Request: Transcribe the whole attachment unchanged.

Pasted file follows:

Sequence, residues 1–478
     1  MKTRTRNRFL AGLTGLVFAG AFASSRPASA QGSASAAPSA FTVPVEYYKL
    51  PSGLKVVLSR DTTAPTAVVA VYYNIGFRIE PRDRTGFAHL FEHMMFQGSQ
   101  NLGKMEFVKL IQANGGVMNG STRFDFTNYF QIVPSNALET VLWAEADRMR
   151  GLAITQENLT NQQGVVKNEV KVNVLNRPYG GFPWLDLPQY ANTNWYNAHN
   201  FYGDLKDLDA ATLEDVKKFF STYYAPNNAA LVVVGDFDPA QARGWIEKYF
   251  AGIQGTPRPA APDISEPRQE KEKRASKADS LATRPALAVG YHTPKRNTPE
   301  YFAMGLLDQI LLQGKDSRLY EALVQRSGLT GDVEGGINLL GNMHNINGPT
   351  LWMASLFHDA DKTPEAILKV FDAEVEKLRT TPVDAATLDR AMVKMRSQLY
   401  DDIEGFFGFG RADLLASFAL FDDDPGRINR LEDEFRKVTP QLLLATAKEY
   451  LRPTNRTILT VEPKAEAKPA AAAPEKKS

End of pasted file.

Sequence, residues 1–478
     1  MKTRTRNRFL AGLTGLVFAG AFASSRPASA QGSASAAPSA FTVPVEYYKL
    51  PSGLKVVLSR DTTAPTAVVA VYYNIGFRIE PRDRTGFAHL FEHMMFQGSQ
   101  NLGKMEFVKL IQANGGVMNG STRFDFTNYF QIVPSNALET VLWAEADRMR
   151  GLAITQENLT NQQGVVKNEV KVNVLNRPYG GFPWLDLPQY ANTNWYNAHN
   201  FYGDLKDLDA ATLEDVKKFF STYYAPNNAA LVVVGDFDPA QARGWIEKYF
   251  AGIQGTPRPA APDISEPRQE KEKRASKADS LATRPALAVG YHTPKRNTPE
   301  YFAMGLLDQI LLQGKDSRLY EALVQRSGLT GDVEGGINLL GNMHNINGPT
   351  LWMASLFHDA DKTPEAILKV FDAEVEKLRT TPVDAATLDR AMVKMRSQLY
   401  DDIEGFFGFG RADLLASFAL FDDDPGRINR LEDEFRKVTP QLLLATAKEY
   451  LRPTNRTILT VEPKAEAKPA AAAPEKKS